A world without plastic: it’s difficult to imagine, but for just one day the world attempted it. June 5th this year was not only World Environment Day, but also a day to try and rid your life of plastic just for twenty four hours, an international campaign promoted by A Plastic Planet.
Because plastic has become such an intrinsic part of our lives – parts of our cars, light fittings, and shoes – the realistic goal of avoiding plastic packaging for food and drink was given, and many rose to the challenge using the #PassOnPlastic hashtag on social media.
Some users recommended never using cling film, or highlighted how easy it was to get a coffee in your own cup in stores. Many shared how they requested their cold drinks without plastic straws in restaurants, and how they carried cutlery around with them to prevent needing single use cutlery.
It may seem like a small goal, but nearly 1 million tonnes of plastic are used every year by supermarkets just for packaging up food, and many campaigners believe that reducing plastic here could change all of our habits for a lifetime. After all, everyone eats.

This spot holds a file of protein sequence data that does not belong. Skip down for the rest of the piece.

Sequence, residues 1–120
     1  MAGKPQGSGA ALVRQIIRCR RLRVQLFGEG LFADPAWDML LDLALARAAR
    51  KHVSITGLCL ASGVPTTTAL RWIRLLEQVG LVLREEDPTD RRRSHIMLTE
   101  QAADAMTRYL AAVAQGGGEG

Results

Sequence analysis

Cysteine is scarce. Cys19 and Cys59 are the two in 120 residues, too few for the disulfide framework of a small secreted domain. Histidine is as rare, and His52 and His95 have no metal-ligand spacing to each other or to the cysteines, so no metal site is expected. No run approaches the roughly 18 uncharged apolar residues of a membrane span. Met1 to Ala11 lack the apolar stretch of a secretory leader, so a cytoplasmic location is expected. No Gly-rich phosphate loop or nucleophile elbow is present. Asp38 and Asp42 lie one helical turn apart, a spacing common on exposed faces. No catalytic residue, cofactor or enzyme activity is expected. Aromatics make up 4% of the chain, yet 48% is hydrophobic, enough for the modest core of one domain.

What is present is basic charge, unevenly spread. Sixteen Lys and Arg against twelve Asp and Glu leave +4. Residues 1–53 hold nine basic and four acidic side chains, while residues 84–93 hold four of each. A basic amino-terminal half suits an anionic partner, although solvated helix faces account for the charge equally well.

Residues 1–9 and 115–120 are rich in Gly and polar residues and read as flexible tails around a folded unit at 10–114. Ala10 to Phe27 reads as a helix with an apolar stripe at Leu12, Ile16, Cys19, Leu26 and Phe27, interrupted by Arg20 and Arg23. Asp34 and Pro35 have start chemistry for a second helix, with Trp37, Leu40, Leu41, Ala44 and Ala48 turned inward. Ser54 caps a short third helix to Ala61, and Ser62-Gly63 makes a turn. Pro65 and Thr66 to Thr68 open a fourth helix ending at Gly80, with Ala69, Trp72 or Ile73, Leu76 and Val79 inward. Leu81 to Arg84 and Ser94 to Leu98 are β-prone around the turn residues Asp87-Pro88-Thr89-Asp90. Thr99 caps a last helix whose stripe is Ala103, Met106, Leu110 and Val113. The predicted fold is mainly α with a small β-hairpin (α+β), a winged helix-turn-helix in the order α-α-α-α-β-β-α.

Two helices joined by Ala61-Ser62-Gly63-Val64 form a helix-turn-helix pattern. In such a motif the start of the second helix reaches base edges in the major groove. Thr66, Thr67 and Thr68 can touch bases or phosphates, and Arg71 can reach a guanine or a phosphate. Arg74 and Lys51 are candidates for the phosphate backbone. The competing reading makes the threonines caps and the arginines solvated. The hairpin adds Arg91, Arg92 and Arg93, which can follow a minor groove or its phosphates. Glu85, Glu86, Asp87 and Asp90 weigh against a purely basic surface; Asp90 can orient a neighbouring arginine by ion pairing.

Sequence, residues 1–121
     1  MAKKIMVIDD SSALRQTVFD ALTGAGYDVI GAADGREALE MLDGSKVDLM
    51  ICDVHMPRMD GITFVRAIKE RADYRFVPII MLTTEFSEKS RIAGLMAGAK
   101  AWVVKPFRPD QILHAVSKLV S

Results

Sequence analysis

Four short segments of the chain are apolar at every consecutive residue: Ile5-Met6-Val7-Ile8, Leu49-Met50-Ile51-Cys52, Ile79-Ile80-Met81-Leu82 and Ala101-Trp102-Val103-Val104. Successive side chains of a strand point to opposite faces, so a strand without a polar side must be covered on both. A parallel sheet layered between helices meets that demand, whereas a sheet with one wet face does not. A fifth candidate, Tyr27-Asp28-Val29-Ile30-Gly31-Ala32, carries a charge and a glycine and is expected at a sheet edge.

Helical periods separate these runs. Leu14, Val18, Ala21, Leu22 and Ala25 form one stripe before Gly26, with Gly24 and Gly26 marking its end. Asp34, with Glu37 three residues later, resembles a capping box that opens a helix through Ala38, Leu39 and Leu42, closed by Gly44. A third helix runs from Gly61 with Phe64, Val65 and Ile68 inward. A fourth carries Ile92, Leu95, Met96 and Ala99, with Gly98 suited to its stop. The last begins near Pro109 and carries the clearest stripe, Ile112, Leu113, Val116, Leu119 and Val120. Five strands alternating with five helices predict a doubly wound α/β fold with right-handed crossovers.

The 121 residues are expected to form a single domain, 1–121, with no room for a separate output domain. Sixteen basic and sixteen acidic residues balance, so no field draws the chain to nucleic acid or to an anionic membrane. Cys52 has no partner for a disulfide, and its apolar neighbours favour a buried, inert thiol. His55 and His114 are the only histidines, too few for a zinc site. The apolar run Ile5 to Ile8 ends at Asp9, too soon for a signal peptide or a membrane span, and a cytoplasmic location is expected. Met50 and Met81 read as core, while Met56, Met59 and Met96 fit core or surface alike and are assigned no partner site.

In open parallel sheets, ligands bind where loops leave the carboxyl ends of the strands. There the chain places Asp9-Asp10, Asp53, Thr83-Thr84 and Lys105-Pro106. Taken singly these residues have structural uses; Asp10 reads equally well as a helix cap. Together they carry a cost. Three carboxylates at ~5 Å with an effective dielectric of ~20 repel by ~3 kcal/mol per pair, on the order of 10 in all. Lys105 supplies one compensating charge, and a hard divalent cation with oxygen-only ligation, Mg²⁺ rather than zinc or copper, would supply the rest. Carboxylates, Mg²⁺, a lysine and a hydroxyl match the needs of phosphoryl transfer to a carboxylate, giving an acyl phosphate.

Here at OmniDynamics, we have watched this campaign with interest. There are many in the world who are encouraging an approach to plastic that essentially means removing it from our lives completely, but we believe that a smarter approach to plastic is going to stick with people longer. Restricting it completely will only create other challenges: what do we replace it with, when plastic in many cases was chosen as a material because it was the best one?
That is why we are developing the Re-Strooder, a device that enables people to reuse the plastic bottles, packaging, and bags that they already have, turning it into plastic pellets perfectly designed for 3D printing. Getting smarter with plastic means that less will need to be produced in the future, reducing the amount in our ecosystems, and enabling more innovative ways of creating things with it.
What do you think? Did you participate in Plastic Free Day? Have you been attempting to reduce the amount of plastic in your life – or do you think that you would struggle without it? Let us know in the comments below.